The birth process is such an unpredictable event. We may have dreams and carry hopes and expectations for the way we envisage the birth of our babies to proceed. Birth plans are thought about and written, a spoken wish for how we would like our baby's arrival into the world to occur.
Yet, in reality, so much is outside of our control and often there are at least one or two aspects, which afterwards we may wish were different. For many women, their experience of the birth or the birth environment is so far removed from their initial hopes, it can colour their feelings not only about the means by which their babies arrived into this world but also their growing connection with their babies. Often decisions need to be made quickly to ensure not just the safe arrival of the baby, but also the mother’s wellbeing. Our dreams of a calm, intimate first meeting with our baby can be rapidly replaced with the bright lights of a surgical theatre and being prepped for an emergency caesarean with a cast of thousands. For many women, their experience of a birth that defies their hopes and wishes, can cause tremendous sadness and disappointment regarding their baby’s first moments.
Yet it is not just the pain that comes with lost hopes and dreams that impacts upon women’s emotional adjustment post birth. For some women, their experience of giving birth contains elements which were so traumatising that there are long lasting effects upon not only the mother’s relationship with her baby, but also her mental and physical health and her daily functioning. Feeling out of control and detached from the experience, whilst also experiencing intrusive medical interventions can leave many new mothers with very painful and raw feelings of grief and even shock.
Birth trauma may result when a woman’s experience of the birth was one which felt life threatening and within which the mother felt overwhelmed, helpless or some sense of fear. Experiences such as an episiotomy, the use of forceps or suturing without adequate pain relief , or the injuring of the baby during delivery can leave the new mother with intrusive feelings and imagery long after the birth. Many other mother’s report trauma following situations such as an emergency caesarean section where there was a subsequent loss of control over the experience. The delivery may have felt frightening and the experience of feeling vulnerable and exposed can leave the new mother with feelings of sadness and panic. Whilst it is hard to know the exact number of women who experience birth trauma, it has become increasingly recognised as a common experience for many women and one which requires substantial support.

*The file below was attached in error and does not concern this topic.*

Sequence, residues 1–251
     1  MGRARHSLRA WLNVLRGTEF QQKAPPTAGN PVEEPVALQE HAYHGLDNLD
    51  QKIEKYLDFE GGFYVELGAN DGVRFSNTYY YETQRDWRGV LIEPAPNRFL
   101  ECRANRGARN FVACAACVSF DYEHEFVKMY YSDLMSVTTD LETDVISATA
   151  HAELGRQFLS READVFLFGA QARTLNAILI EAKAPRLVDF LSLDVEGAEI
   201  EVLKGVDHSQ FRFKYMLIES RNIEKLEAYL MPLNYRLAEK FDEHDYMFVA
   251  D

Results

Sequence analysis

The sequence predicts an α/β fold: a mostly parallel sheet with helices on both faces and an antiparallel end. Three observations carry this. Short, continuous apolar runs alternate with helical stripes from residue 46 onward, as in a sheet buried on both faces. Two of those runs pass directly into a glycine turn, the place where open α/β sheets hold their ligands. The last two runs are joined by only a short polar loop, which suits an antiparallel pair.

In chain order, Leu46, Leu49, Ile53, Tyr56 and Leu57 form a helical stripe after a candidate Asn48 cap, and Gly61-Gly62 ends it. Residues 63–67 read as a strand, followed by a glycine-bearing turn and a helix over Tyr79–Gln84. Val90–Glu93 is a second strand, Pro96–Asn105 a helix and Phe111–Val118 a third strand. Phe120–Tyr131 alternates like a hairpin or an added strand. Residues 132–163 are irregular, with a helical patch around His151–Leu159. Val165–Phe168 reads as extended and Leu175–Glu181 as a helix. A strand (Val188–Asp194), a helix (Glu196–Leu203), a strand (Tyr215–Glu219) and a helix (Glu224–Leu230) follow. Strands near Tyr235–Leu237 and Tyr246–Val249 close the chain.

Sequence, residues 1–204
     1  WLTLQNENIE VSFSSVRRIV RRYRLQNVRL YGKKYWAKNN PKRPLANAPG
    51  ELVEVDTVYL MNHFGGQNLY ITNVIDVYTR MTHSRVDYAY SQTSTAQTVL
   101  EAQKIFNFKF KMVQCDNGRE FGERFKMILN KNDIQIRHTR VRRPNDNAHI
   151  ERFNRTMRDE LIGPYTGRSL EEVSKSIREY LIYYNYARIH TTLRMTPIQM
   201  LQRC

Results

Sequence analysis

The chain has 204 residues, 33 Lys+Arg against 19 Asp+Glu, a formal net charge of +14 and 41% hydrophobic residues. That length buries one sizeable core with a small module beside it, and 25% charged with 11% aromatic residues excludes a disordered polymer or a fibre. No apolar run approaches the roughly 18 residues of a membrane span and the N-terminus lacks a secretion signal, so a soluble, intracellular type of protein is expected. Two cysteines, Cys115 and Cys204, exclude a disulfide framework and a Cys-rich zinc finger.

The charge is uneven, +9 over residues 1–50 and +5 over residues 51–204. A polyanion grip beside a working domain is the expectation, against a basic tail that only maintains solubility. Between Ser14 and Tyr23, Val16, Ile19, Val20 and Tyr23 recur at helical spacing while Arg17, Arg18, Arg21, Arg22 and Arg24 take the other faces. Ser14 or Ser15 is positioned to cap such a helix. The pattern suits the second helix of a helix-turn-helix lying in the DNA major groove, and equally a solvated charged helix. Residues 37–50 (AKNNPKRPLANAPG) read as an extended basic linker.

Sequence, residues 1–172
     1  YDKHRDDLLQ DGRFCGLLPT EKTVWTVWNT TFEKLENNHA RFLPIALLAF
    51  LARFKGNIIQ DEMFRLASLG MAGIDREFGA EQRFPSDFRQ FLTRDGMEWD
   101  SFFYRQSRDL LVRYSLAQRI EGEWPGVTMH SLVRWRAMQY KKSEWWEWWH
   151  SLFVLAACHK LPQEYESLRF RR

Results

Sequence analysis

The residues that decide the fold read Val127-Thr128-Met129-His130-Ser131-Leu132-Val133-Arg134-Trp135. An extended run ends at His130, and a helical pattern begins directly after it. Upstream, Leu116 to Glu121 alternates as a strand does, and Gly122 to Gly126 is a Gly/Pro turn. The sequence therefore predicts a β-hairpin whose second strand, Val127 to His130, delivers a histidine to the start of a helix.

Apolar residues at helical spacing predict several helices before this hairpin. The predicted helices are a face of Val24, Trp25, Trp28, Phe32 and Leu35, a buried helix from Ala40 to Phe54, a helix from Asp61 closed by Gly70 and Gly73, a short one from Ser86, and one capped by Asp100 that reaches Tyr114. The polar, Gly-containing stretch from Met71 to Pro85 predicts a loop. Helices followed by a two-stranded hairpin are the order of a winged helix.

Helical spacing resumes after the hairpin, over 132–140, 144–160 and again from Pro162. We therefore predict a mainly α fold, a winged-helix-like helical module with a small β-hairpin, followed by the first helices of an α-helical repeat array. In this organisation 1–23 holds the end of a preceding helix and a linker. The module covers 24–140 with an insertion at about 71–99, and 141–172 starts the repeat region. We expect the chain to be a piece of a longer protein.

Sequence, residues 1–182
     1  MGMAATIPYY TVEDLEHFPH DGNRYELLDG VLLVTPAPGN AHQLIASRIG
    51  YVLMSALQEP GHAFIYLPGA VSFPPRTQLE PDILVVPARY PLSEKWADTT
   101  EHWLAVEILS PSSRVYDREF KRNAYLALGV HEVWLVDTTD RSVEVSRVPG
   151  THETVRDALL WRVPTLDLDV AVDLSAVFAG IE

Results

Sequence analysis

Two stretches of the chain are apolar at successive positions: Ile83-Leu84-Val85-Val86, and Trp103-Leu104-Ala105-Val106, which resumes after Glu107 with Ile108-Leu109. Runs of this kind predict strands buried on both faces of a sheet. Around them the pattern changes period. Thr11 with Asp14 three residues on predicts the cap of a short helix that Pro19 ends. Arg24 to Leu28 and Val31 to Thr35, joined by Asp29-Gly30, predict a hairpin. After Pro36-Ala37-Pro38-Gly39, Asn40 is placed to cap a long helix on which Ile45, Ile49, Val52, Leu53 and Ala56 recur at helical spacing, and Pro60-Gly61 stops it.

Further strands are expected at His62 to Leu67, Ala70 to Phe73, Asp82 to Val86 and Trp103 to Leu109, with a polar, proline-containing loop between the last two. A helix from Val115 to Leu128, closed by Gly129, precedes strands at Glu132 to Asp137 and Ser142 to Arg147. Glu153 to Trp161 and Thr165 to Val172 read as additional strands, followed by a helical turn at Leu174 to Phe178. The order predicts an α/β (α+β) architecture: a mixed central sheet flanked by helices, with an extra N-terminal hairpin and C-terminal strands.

The effects of trauma after childbirth are very real and may be experienced as flashbacks of the birth, nightmares and panic attacks. Memories of the event may trigger anxious feelings and may leave the new mother feeling overwhelmed and fragile. There may be a need to talk constantly about the birth as they attempt to make sense of their experience and release the fear and hurt that linger afterwards. For others there may be a complete avoidance of talking about it. Anything that reminds them of the birth is too painful. Detaching from the experience, as well as the baby may be the only way to keep these uncomfortable memories and feelings at bay.
If this has been our story, how do we heal? Women who have had this experience need a space to share their experience. Not once, or twice but as often as they feel the need to tell it. They need to allow themselves to grieve and process the event and their loss of expectations. They need a safe place and time to separate their feelings about the birth from their feelings towards their baby. An untold story of sadness, grief and guilt can do so much damage to a new mother’s fledgling feelings towards not only her baby, but her sense of self as a mother and her confidence to enter this journey. My sense is that it is incredibly important that those feelings be validated and heard. It is only through this validation that those feelings can lose their power and room for positive feelings towards the baby can grow.
And yet, we must also remember that our birth story is not the whole story.
Not the only story.
It is just one moment in what will be a lifetime of moments that we share with our baby. What matters is not the way our child came into this world but that we release any shame, guilt, and sadness regarding what did or did not happen, in whatever way we can. We owe it to ourselves and to our babies to do that.